What could you expect after arrest? – a very gloomy future.
In the previous century Jeremy Bentham had dreamt up a novel idea for a prison construction: a 'Panopticon', built in a star shape with radiating wings, so that daylight and fresh air reached every cell and, more importantly, the warders could oversee every wing from a central core. They were certainly an improvement on the old medieval prisons. Bentham’s first creation, Millbank, had been built in 1821. Pentonville prison was built on the edge of the built‐up area of north London, on a semi‐circular radial plan, in 1842.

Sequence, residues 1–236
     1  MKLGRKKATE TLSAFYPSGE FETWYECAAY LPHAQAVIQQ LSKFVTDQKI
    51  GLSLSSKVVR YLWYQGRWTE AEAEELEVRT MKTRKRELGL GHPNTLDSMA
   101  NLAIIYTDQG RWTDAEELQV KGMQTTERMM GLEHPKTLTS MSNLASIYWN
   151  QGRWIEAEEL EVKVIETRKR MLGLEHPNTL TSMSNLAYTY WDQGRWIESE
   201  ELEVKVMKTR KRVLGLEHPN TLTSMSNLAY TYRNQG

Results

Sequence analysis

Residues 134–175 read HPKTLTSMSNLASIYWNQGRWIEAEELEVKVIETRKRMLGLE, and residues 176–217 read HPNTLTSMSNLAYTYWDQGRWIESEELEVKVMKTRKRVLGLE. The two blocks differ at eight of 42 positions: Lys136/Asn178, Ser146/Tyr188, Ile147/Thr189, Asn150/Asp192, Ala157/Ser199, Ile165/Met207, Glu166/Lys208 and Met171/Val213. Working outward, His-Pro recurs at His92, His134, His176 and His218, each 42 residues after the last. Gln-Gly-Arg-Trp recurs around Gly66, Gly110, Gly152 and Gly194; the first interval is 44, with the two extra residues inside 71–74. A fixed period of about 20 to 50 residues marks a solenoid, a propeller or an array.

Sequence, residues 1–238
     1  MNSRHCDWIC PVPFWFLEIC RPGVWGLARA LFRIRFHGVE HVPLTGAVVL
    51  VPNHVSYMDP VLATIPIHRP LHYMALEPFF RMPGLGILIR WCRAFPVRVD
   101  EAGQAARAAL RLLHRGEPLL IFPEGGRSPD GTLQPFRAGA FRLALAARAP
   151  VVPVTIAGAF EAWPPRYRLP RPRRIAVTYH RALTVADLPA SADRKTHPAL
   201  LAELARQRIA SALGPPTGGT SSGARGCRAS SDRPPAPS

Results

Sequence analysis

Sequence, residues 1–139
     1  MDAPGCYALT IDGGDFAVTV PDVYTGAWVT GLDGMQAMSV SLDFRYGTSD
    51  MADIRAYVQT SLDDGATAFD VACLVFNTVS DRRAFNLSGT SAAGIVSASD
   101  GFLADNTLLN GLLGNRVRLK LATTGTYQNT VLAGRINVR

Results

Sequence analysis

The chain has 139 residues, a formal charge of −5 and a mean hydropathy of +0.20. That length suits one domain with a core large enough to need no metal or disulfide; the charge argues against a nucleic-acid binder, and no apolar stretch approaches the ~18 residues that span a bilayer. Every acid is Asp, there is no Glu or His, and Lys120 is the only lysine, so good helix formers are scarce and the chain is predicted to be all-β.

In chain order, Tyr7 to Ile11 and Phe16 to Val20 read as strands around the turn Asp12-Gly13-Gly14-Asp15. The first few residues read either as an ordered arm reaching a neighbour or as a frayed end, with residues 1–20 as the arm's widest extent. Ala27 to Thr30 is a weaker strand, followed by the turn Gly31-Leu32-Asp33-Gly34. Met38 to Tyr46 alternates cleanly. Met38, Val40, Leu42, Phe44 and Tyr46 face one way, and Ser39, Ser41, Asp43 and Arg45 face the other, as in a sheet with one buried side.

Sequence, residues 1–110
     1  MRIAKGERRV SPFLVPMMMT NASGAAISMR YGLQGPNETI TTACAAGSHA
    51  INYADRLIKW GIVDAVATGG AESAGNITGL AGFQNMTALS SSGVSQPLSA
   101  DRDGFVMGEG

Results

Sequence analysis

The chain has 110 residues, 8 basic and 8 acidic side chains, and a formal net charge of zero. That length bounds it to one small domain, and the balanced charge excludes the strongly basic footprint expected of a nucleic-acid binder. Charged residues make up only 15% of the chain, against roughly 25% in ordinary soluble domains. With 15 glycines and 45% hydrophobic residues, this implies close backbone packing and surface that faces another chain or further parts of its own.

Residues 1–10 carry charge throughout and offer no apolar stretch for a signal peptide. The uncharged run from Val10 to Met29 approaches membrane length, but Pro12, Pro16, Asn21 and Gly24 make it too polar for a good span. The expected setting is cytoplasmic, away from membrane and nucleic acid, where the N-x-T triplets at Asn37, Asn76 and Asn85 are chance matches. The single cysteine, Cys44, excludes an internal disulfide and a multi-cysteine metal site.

Every prisoner had a cell to himself, with adequate washing facilities, which present‐day inmates of overcrowded prisons might envy. But they would not envy the prison regime, known as the ‘separate system’. It involved depriving a prisoner of all human contact; shutting him up in his cell except for brief exercise periods, masking his face, and forbidding him to speak. This compulsory silence was believed to lead to moral regeneration as the wretched prisoner contemplated his moral failings. There were, it had to be admitted, quite a few suicides.